So I think we underestimate the power of that. Like most people don’t feel heard most of the time. And there’s really interesting research. There’s some, psychologists and researchers in Israel who have done really cool research on what happens when people do feel heard and when they don’t. And when they don’t feel heard, which is most of the time I would argue and certainly most journalistic interviews. They tend to be more anxious and defensive and get more extreme in the next thing they say. Right? So you could see how problematic that is for, for journalism, but for other things too. And when they do feel heard, they tend to say more nuanced and interesting things afterward.

    So it’s that next thing they say, or the third thing after that, it gets like peeling an onion, right? It gets more and more interesting and they’re actually more coherent, but more complicated in what they’re saying, because they feel heard. So there’s a very human thing where when we, you know, when someone’s asking you a question, it’s a little bit performative, I think with, with reporters, depending on the power dynamics, you feel a little bit like, I guess I’m supposed to, you know, give this person what she’s asking for and you don’t know if you’re doing it right. And you’re not really sure that’s the right question. And so there’s a lot of, kind of low level anxiety in that answer. And then if you feel like they heard you and are responding to what you said rather than your agenda, then you’re kind of like, Oh, okay, I don’t have to put on a show. I don’t have to say something extreme. I don’t have to like hammer this person over the head. I can just be a little, like 10% more honest, and then 10% and then 10%. And that’s where you get, I think particularly when covering conflict, to the really, really important things underneath the conflict. That’s the important story.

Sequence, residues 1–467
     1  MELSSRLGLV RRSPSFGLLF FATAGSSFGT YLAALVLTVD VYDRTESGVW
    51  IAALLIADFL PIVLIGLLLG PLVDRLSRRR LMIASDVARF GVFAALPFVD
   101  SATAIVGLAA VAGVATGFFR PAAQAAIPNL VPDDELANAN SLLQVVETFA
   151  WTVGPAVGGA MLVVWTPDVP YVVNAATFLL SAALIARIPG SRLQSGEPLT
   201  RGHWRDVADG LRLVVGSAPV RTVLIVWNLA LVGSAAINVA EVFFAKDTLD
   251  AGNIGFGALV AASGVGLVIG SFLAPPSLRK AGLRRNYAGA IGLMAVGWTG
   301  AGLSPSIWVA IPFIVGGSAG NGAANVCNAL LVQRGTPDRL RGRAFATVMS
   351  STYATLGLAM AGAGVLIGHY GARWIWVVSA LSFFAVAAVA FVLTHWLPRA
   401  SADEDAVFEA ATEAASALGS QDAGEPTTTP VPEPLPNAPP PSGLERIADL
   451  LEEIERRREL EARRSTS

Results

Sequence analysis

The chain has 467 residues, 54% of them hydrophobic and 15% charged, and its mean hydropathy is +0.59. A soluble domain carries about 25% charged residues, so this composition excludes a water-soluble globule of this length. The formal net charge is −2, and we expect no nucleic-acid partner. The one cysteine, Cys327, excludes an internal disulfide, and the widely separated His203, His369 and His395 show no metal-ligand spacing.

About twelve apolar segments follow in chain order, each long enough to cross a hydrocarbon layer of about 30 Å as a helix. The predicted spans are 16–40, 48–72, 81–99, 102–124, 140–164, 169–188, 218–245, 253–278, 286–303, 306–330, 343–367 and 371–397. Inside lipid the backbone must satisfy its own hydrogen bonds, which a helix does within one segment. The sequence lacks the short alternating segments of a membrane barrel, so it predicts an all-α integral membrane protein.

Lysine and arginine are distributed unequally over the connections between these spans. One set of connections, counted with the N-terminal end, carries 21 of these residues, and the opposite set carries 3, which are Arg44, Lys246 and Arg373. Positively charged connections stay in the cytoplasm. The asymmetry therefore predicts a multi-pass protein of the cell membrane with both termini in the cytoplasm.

That’s what matters most, getting to Andrew’s point about trying to solve the problem. You have to know what the problem is, right? And I think most of the time we don’t. And we never do, because we don’t ask those questions and we don’t listen.

    Katarina Jones:  It’s like creating that sense of belonging almost, or that sense of like come as you are. And what you spoke to at the beginning at the very beginning was building trust with people. That concept of listening, I imagine also really helps reinforce trust.

    Andrew Elliott: One of the things that really goes into exceptional salespeople is something you just said, Amanda, a moment ago, which is, they’re not assuming they understand the problem, or have all the answers, whereas a not so great salesperson probably is. And that’s a difference of both mindset and ego in how you approach it. That plays a huge role in terms of how open people are, and receptive and being vulnerable and sharing things with you as well.

    And that comes down to, you know, being authentic, really trying to understand. So they feel like you’re really trying to understand and not just get to a certain answer that we’re trying to get to. We want to hear, right? It’s kind of, what’s in it for us at that point instead of us really being authentic and trying to solve for them.

    And that goes back to what you said, Amanda, about like feeling heard. And I think you mentioned  peeling an onion. I talked earlier about the problem solving. And I think I talked about peeling the layers, and that’s what I’m always talking about with my team. This is, we’ve got to get down to the core, you got to peel the layers back, and each question you ask is going to help do that.